An­other dis­si­dent is Ibrahim, a ra­dio pre­sen­ter who has formed a lit­tle band of like-minded souls called the cri­sis com­mit­tee. They hold earnest meet­ings to de­bate the way ahead, which are ei­ther noble or fu­tile, de­pend­ing on your point of view.

Ibrahim tells me Gaddafi-style me­dia cen­sor­ship, in­sid­i­ous and sin­is­ter, has re­turned: “We can crit­i­cise the gov­ern­ment, the UN or Haf­tar, but there are two things it is bet­ter not to talk about. The mili­tias, and the bearded ones [Is­lamists].”

Sev­eral TV sta­tions have been burned down be­cause they failed to un­der­stand these in­struc­tions and oth­ers broad­cast, for safety, from abroad.

All of which makes Ibrahim think Libya can’t han­dle free­dom. “We weren’t ready for rev­o­lu­tion,” he says. “We didn’t have the means to deal with that free­dom. We were like a child who had asked for a toy for a long time, and then fi­nally got it. But the toy was disas­sem­bled and we didn’t know what to do with the pieces.”

And then there is the cor­rup­tion. Un­der Gaddafi it was widespread, but cen­tralised. Now it is chaotic. Mo­hammed, a 35-year-old who does evening shifts at my ho­tel, tells me Tripoli has cor­rup­tion on every level but he no longer both­ers to re­port it. “Those to whom I should de­nounce the cor­rup­tion are as cor­rupt as oth­ers,” he says. “Prob­a­bly more.”

In the rev­o­lu­tion Mo­hammed picked up a gun and joined the rebels, but says now it was a mis­take: “If I could, I would erase those days from my mem­ory. I know Gaddafi was a dic­ta­tor, but we were not ready for democ­racy.” The un­likely ben­e­fi­ciary of this mood of res­ig­na­tion is Khal­ifa Haf­tar, whose forces are built around Libya’s reg­u­lar armed forces. A former Gaddafi ally who later turned against the dic­ta­tor, Haf­tar ac­cuses the new gov­ern­ment of be­ing be­holden to Is­lamists and has vowed to march on Tripoli and crush the mili­tias. Many sup­port him, de­spite their fears that he wants mil­i­tary rule.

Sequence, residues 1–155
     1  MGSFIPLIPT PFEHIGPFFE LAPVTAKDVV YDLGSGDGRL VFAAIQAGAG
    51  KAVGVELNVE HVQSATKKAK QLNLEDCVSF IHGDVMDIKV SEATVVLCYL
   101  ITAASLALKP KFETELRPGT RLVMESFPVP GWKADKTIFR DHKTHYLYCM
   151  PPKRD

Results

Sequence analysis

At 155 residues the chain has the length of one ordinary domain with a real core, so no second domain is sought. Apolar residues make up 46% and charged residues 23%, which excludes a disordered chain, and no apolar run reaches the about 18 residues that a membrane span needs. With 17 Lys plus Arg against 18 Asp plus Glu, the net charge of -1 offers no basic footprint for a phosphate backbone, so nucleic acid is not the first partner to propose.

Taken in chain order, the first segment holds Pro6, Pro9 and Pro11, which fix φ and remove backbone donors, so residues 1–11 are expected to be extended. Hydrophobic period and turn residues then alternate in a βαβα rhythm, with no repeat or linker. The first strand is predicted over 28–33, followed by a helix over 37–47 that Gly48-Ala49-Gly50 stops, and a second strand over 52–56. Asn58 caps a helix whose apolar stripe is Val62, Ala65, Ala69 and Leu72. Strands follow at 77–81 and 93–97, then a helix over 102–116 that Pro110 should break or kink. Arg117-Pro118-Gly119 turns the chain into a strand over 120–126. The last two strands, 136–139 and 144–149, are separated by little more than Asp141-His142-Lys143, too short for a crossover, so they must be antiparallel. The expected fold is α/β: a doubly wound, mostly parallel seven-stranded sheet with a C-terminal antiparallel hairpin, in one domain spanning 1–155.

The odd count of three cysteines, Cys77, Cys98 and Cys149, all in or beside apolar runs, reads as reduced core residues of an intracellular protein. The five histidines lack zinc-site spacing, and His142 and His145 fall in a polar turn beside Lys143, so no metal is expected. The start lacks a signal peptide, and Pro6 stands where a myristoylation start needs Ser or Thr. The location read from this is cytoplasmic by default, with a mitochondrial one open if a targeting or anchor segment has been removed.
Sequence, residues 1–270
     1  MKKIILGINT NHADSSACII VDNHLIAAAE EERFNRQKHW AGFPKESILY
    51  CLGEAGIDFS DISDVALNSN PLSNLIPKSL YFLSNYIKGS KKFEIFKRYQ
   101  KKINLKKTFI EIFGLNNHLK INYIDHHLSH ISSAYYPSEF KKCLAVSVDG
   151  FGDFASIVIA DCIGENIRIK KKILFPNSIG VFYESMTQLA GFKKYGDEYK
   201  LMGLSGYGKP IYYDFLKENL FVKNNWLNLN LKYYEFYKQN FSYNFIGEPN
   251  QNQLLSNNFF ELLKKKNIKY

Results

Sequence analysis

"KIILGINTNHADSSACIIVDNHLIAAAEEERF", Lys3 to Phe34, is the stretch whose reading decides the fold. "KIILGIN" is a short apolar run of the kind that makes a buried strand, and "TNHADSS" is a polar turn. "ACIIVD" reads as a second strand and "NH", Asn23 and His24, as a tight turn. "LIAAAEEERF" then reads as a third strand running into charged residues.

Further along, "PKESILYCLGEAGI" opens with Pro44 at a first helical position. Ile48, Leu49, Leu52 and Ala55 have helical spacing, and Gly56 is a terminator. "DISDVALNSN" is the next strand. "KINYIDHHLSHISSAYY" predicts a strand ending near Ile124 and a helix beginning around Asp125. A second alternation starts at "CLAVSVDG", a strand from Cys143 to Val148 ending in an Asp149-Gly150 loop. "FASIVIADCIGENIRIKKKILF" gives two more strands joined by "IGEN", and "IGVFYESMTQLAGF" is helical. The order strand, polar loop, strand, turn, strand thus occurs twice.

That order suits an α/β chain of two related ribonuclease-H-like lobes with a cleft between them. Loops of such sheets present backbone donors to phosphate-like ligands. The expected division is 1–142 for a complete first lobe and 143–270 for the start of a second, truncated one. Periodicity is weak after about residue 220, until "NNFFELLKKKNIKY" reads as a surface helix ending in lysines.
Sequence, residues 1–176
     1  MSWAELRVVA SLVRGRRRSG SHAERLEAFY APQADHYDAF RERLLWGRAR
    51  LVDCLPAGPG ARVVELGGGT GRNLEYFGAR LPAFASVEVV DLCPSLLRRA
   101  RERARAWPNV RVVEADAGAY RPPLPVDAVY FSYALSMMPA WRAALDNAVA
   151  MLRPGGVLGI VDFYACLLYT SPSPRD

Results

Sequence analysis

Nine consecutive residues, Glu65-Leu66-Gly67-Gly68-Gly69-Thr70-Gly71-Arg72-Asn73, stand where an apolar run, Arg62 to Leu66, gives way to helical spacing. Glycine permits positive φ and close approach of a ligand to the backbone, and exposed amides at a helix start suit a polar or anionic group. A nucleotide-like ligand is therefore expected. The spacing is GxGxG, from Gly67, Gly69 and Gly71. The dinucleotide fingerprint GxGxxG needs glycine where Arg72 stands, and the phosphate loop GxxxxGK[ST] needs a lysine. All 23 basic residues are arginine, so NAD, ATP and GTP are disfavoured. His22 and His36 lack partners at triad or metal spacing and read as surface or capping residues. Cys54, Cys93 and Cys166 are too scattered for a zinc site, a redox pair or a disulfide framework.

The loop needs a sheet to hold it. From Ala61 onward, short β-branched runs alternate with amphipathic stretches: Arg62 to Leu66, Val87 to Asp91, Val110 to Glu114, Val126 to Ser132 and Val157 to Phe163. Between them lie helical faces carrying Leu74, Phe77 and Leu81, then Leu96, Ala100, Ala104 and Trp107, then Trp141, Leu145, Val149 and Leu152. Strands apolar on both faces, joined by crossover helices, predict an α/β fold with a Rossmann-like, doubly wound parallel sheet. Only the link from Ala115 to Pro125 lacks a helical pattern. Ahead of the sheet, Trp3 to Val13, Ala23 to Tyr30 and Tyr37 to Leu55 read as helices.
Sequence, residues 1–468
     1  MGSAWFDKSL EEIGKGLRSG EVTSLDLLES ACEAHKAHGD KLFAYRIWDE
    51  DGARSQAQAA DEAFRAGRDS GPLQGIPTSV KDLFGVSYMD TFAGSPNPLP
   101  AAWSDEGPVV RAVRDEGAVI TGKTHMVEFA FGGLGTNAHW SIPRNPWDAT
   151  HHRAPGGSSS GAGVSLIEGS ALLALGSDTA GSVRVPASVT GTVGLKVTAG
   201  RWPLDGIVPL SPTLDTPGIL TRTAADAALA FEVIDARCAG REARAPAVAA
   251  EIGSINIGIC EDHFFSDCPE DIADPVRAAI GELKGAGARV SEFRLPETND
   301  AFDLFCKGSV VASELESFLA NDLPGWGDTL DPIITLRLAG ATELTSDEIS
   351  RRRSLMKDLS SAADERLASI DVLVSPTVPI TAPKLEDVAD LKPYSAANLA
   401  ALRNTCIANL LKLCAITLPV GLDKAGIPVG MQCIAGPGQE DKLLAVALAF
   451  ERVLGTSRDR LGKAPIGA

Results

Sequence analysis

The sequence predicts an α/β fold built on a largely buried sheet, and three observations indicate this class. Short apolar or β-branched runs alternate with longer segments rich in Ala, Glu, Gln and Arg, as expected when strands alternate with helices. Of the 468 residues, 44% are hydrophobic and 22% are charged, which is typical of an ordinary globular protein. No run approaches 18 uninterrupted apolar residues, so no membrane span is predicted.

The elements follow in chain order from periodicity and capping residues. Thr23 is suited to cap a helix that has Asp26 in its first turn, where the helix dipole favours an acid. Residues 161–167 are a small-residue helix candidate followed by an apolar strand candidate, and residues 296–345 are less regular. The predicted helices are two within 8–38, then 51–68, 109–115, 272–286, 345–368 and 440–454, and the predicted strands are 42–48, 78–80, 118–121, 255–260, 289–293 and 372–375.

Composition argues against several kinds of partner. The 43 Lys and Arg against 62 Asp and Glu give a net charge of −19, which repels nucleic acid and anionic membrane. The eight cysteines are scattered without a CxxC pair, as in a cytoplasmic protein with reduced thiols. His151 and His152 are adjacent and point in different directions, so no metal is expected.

A rare opin­ion poll, com­mis­sioned by a US gov­ern­ment agency, found his army the most pop­u­lar Libyan in­sti­tu­tion, its 68% sup­port eclips­ing the gov­ern­ment’s 15%.

Mo­hammed ex­plains the sen­ti­ment. “Now we are all just re­signed, and in this res­ig­na­tion many of us think, with pain in our hearts, that it is bet­ter to have Haf­tar. It is bet­ter to have a strong­man back.”

‘Where has this blood­shed brought us? To a daily hell’

A Libyan Na­tional Tran­si­tional Coun­cil fighter MARCO LONGARI/GETTY


The Libyan na­tional flag holds lit­tle in the way of hope for fu­ture gen­er­a­tions